Conclusion: The final average Harris hip scores of 90.59 ± 9.36 in these patients indicated that THA is a successful and durable treatment modality for young patients with disabling diseases affecting the hip joint. However, due to the likelihood of complications it should be used with caution in this patient group. Efforts should be made to diminish the complication rate.

[1] THA = total hip arthroplasty

R. Gerrah, U. Izhar, A. Elami, El Milgalter, E. Rudis and G. Merin

Background: Cardiac surgery is being performed with increasing frequency in patients aged 80 years and older.

Objectives: To examine the long and short-term results of surgery in this age group.

Methods: We retrospectively investigated 202 consecutive patients aged 80 years or older who underwent cardiac surgery between 1991 and 1999. Ninety-six operations (48%) were urgent.

Results: The study group comprised 140 men (69%) and 62 women (31%) with a mean age of 82.1 years (range 80–89). Preoperatively, 120 patients (59%) had unstable angina, 37 (18%) had left main coronary artery disease, 22 (11%) had renal failure, 17 (8.5%) had a history of stroke, and 13 (6.5%) had previous cardiac surgery. Hospital mortality for the whole group was 7.4%. Postoperative complications included: re-exploration for bleeding in 15 (7.4%), stroke in 8 (4%), sternal wound infection in 3 (1.5%), low cardiac output in 17 (8.4%), new Q wave myocardial infarction in 5 (2.5%), renal failure in 17 (8.5%), and atrial fibrillation in 71 (35%). The actuarial survival for patients discharged from the hospital was 66% at 5 years and 46% at 8 years. The type of surgical procedure was significantly associated with increased early mortality (coronary artery bypass grafting only in 2.9%, CABG[1] + valve in 16.1%, valve only in 16.7%; P = 0.01). Significant predictors (P < 0.05) for late mortality included type of surgical procedure, congestive heart failure, and postoperative low cardiac output.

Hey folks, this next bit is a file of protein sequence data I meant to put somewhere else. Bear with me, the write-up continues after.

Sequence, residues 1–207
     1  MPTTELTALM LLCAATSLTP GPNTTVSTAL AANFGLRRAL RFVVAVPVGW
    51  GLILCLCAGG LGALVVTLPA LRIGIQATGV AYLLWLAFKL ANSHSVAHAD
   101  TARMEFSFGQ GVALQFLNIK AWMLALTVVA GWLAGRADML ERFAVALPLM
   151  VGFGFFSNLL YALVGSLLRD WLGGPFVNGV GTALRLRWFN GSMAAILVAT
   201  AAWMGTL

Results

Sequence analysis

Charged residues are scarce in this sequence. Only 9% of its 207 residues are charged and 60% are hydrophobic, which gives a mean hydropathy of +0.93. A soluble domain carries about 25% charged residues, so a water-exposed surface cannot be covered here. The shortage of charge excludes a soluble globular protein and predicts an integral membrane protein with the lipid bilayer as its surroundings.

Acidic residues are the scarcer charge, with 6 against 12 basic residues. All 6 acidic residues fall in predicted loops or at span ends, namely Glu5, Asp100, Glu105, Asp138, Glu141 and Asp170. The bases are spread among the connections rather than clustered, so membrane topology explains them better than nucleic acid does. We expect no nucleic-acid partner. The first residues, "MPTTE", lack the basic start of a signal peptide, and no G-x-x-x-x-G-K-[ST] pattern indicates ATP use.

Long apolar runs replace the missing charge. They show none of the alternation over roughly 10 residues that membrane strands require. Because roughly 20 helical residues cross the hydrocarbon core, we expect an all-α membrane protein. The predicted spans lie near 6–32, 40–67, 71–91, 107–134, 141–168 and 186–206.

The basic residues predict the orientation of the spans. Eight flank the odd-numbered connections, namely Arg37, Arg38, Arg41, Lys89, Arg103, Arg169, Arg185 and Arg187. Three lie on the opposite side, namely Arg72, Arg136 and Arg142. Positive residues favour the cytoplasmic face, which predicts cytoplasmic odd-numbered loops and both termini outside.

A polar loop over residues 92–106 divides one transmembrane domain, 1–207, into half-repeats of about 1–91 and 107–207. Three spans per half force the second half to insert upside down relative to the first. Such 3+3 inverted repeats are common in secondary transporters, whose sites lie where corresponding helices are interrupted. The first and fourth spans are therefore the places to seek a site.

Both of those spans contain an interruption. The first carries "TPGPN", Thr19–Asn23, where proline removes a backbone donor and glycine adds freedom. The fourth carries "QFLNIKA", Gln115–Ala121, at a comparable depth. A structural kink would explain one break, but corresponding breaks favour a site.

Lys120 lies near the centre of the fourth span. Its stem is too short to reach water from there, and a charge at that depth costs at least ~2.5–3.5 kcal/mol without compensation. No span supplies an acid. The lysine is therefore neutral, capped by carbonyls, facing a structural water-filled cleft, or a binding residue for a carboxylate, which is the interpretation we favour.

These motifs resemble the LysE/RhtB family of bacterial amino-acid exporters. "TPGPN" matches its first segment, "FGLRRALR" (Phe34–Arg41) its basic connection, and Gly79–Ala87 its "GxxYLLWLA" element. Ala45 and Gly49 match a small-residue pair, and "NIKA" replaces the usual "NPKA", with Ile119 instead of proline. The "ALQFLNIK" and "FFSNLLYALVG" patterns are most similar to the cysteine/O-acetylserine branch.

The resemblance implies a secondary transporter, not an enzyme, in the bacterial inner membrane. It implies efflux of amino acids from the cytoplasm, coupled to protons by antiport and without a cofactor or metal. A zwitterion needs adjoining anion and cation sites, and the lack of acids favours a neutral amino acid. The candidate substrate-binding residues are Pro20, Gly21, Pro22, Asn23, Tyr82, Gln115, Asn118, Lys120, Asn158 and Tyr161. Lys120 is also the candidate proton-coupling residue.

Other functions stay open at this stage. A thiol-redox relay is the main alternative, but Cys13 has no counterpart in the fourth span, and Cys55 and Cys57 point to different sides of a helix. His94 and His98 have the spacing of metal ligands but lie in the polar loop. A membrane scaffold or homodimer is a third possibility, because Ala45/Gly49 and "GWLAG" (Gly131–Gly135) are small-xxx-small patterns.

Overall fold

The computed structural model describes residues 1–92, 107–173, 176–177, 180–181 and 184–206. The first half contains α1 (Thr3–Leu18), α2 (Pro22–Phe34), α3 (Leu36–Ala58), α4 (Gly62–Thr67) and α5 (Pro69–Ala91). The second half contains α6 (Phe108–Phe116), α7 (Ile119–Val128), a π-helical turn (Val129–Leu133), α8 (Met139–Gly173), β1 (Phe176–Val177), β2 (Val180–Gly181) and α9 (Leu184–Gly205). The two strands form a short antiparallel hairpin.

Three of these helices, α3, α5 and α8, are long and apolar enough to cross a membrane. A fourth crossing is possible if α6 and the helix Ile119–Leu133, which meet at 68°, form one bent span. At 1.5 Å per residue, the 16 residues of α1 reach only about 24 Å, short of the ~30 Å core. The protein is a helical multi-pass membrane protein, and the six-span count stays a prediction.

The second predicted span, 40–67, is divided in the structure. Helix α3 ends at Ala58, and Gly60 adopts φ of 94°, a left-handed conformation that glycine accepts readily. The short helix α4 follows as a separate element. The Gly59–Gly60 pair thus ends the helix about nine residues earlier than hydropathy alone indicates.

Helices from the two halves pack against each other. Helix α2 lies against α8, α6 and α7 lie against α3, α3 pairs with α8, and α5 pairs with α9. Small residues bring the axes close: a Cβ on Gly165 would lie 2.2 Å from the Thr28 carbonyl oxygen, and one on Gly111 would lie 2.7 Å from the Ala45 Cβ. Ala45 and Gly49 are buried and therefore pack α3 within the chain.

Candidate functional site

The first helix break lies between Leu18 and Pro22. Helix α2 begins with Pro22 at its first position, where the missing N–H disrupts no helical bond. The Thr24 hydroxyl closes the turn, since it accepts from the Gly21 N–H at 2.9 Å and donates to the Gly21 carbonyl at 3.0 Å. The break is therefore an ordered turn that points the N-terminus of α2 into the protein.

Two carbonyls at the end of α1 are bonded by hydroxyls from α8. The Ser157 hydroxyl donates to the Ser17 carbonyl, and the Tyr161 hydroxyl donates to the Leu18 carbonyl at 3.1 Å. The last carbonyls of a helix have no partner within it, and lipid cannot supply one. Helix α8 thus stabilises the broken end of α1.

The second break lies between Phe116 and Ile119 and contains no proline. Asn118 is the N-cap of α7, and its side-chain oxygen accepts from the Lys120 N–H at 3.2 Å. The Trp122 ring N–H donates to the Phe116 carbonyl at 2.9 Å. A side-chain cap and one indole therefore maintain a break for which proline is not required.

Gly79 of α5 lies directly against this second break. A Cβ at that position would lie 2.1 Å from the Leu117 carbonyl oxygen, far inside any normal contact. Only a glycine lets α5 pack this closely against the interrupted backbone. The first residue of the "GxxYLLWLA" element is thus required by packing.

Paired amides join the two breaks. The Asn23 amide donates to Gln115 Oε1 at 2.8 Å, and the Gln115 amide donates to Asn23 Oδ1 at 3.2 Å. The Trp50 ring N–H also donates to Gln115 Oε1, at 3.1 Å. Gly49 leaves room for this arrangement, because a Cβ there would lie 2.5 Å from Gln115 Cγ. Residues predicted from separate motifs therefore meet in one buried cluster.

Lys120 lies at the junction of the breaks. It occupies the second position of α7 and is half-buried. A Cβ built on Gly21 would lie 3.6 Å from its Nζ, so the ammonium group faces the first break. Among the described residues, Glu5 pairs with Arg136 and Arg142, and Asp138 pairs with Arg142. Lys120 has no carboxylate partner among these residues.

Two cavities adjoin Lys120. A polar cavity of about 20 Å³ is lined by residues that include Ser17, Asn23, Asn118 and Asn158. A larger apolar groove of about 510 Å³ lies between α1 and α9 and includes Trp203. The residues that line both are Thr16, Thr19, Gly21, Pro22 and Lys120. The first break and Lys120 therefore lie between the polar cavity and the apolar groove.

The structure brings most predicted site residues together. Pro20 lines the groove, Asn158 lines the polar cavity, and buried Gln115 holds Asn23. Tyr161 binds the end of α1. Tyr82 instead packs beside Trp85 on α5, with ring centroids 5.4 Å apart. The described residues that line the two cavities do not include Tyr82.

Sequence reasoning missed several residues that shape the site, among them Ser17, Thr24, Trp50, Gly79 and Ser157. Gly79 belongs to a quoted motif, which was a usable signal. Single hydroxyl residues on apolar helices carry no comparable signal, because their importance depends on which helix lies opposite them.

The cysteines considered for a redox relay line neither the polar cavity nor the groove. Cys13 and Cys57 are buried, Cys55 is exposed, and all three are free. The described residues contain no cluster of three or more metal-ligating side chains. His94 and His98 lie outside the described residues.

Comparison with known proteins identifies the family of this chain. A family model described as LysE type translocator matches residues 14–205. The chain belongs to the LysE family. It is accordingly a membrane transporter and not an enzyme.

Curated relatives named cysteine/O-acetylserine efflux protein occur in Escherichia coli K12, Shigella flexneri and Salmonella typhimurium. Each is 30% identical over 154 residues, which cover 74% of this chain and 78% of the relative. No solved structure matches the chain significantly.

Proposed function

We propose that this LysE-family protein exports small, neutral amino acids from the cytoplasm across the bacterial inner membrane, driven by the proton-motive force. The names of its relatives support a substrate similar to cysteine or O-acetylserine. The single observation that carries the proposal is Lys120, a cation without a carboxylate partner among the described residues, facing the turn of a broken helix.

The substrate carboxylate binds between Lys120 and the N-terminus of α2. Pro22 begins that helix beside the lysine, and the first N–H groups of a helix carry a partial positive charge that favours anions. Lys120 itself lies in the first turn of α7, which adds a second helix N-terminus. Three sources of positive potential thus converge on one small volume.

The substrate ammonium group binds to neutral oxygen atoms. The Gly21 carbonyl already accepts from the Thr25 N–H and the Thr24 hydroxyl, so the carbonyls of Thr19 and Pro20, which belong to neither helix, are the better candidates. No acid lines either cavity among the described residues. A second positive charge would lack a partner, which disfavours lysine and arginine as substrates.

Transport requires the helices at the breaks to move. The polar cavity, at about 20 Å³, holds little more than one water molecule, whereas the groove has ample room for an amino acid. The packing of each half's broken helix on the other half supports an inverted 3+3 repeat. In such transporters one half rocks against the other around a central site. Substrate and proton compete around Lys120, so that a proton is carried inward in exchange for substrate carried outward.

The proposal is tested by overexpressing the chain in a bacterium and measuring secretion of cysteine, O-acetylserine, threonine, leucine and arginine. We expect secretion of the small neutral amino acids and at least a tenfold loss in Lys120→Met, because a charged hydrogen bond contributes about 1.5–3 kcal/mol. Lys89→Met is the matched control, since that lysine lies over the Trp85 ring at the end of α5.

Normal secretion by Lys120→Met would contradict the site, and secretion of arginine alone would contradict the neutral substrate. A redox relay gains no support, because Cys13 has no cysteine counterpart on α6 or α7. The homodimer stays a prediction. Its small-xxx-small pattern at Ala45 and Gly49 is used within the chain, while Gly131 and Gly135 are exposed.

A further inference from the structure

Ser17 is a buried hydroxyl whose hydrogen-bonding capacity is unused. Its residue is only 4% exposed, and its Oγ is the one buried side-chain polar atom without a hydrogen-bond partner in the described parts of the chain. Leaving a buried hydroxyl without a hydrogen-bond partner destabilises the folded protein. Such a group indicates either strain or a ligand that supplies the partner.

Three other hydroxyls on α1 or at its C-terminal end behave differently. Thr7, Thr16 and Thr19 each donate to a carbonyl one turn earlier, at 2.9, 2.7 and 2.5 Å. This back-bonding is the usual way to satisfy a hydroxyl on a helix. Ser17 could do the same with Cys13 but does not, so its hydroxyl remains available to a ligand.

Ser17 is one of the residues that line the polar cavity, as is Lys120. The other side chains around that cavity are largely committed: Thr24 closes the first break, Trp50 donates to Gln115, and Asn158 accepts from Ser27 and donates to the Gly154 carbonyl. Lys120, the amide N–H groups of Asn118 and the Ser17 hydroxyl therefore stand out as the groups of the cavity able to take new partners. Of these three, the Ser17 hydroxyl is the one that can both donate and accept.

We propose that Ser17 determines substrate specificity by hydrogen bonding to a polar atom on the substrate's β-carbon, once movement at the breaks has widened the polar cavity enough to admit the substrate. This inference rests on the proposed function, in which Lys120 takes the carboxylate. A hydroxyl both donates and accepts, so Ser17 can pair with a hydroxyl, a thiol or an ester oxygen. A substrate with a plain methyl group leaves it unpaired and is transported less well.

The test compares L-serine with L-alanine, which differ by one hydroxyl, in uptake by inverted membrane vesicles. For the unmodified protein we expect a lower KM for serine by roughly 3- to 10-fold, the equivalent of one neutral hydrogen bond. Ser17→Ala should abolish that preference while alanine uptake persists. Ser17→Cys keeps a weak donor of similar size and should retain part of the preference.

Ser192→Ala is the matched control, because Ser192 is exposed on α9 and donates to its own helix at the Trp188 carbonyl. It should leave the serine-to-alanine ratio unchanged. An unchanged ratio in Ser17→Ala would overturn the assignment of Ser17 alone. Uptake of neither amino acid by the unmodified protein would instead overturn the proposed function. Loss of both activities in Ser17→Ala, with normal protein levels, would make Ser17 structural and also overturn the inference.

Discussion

Conclusions: When appropriately applied in selected octogenarians, cardiac surgery can be performed with acceptable mortality and good long-term results.

[1] CABG = coronary artery bypass grafting

T. Kadar, E. Fishbine, J. Meshulam, R. Sahar, A. Amir and I. Barness

Background: Sulfur mustard and VX are potent chemical warfare agents that penetrate rapidly through the skin, causing severe prolonged injuries and sometimes death.

Objectives: To develop a topically applied pretreatment that will act as a barrier and prevent the absorption of these agents through the skin, reducing morbidity and saving life.

Methods: Several formulations were developed and tested in preclinical animal studies in pigs. The protecting cream was applied as a single application (0.5–1 ml/100 cm2) prior to exposure (10 minutes to 12 hours) to sulfur mustard or VX. Assessment of sulfur mustard-induced skin damage was based on clinical and histologic evaluations. When tested against VX, clinical signs and blood cholinesterase activity were monitored. At the final stage of development, safety studies were conducted in animals and in human volunteers.

Results: The formulation that gave the best results, coded IB1 (under patent application), provided significant protection against a 1 hour exposure to sulfur mustard (droplets or vapor). All the pigs pretreated with IB1 cream survived a 1–4 hour challenge of 2xLD50 VX and did not exhibit any overt clinical signs. Protection was exhibited even when the cream was applied 12 hours (single application) prior to exposure. IB1 was found to be non-irritating in animals and humans. No adverse effects were found in a Phase I clinical study in young healthy volunteers when the cream was applied to around 20% of the skin surface (results presented elsewhere).

Conclusions: IB1 cream has been shown to be a safe and effective topical skin protectant against the chemical warfare agents sulfur mustard and VX.